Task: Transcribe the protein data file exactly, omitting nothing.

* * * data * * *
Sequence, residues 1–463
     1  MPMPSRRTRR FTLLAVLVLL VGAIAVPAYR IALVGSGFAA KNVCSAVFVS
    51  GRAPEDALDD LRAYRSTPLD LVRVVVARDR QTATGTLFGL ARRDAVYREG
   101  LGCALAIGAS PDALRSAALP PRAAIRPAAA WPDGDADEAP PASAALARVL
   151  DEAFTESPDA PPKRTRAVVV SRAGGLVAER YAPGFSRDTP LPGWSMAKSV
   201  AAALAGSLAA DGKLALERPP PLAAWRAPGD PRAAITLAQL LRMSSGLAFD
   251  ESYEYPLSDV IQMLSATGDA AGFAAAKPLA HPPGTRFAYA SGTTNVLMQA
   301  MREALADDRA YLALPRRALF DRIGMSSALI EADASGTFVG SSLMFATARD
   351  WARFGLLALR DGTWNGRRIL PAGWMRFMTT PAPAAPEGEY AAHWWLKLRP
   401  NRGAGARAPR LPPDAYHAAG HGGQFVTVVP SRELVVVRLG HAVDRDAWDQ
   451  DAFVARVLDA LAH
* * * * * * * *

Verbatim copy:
Sequence, residues 1–463
     1  MPMPSRRTRR FTLLAVLVLL VGAIAVPAYR IALVGSGFAA KNVCSAVFVS
    51  GRAPEDALDD LRAYRSTPLD LVRVVVARDR QTATGTLFGL ARRDAVYREG
   101  LGCALAIGAS PDALRSAALP PRAAIRPAAA WPDGDADEAP PASAALARVL
   151  DEAFTESPDA PPKRTRAVVV SRAGGLVAER YAPGFSRDTP LPGWSMAKSV
   201  AAALAGSLAA DGKLALERPP PLAAWRAPGD PRAAITLAQL LRMSSGLAFD
   251  ESYEYPLSDV IQMLSATGDA AGFAAAKPLA HPPGTRFAYA SGTTNVLMQA
   301  MREALADDRA YLALPRRALF DRIGMSSALI EADASGTFVG SSLMFATARD
   351  WARFGLLALR DGTWNGRRIL PAGWMRFMTT PAPAAPEGEY AAHWWLKLRP
   401  NRGAGARAPR LPPDAYHAAG HGGQFVTVVP SRELVVVRLG HAVDRDAWDQ
   451  DAFVARVLDA LAH